NIST Is Finalizing Its Cybersecurity Framework Manufacturing Profile
The National Institute of Standards and Technology (“NIST”) recently released the final draft of its Cybersecurity Framework Manufacturing Profile—a document dealing with the desired cybersecurity outcomes and posture for manufacturing systems. The breadth of the document is wide, encompassing any sort of manufacturer, including makers of electronic devices and consumer technology. The Manufacturing Profile flows out of NIST’s ongoing Cybersecurity Framework work.
Since releasing version 1.0 of the Framework in 2014, NIST has engaged in and encouraged a variety of activities—from conducting workshops to developing tools—to help organizations that voluntarily choose to implement the flexible Framework. Profiles are one such tool. Just like the Framework, profiles give organizations a voluntary, risk-based option to manage cyber risk. But unlike the Framework, profiles do a deep dive into a given industry or organization. For example, the Manufacturing Profile outlines specific business objectives for manufacturing systems, aligns the Framework’s subcategories to those objectives, and details the subcategories as they specifically apply to manufacturing. NIST helped to create a similar tool with the United States Coast Guard for the Maritime Bulk Liquids Transfer area.
NIST released this final Manufacturing Profile during the open comment period for its overall update to the Framework, with the comments for each being due back-to-back. NIST has proposed the Framework version 1.1, which among other things, would add sections to the Framework regarding Supply Chain Risk Management (SCRM) and metrics. Comments for the Framework version 1.1 were due April 10; comments for the Manufacturing Profile are due Monday, April 17.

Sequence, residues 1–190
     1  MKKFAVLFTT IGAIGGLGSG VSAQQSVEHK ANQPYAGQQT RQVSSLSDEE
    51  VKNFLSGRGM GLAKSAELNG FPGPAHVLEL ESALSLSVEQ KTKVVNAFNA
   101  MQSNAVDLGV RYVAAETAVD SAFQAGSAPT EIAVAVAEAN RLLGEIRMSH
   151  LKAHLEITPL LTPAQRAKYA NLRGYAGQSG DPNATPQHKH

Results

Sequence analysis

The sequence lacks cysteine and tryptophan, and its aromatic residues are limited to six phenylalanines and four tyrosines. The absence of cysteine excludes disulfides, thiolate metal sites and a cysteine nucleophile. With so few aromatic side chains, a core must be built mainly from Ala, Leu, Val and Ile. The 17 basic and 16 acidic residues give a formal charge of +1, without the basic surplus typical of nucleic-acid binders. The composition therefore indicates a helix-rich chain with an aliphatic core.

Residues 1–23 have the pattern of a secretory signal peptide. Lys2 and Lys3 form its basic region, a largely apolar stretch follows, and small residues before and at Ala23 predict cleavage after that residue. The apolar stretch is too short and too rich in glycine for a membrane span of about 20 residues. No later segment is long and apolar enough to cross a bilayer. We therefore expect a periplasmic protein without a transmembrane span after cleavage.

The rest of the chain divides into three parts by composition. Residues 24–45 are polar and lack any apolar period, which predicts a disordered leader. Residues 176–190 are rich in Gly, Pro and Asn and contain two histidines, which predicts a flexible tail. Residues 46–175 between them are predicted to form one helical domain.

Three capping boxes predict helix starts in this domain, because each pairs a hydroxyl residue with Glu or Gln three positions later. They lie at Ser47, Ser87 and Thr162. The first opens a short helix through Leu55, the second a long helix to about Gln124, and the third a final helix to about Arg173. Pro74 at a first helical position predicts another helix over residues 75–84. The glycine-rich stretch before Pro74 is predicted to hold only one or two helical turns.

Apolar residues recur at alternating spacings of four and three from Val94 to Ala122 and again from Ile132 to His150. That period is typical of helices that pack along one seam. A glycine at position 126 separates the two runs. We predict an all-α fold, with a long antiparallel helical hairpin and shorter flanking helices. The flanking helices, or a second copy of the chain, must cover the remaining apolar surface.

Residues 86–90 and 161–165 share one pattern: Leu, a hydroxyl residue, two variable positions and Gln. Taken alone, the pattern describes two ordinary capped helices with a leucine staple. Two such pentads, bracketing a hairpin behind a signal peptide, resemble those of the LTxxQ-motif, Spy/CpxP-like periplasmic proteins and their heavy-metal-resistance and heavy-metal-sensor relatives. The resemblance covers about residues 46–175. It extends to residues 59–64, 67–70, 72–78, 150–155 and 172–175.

The Manufacturing Profile may offer guidance to manufacturers of high tech equipment, including Internet of Things devices. A few examples include:
External information sharing. The expectation that manufacturers will “[c]ollaborate and share information about potential vulnerabilities and incidents on a timely basis” and “[e]stablish and maintain ongoing contact with security groups and associations, and receive security alerts and advisories.” ID.RA.2. Given recent promotion of vulnerability disclosure programs, or “bug bounties,” companies should consider what external collaboration they are willing to engage in.
NIST also notes that supply chains can be complex, as “[s]upporting services include, for example, Telecommunications, engineering services, power, water, software, tech support, and security.” Manufacturing Profile at 50. When it comes to supporting services, NIST expects that manufacturers with mature cyber postures will “[p]rotect against supply chain threats to the manufacturing system, system components, or system services by employing security safeguards as part of a comprehensive, defense-in-depth security strategy.” ID.BE.1.
Because manufacturers can be large or small, low-or high-tech, companies making products for consumers or others should consider the government’s evolving expectations and guidance when it comes to security.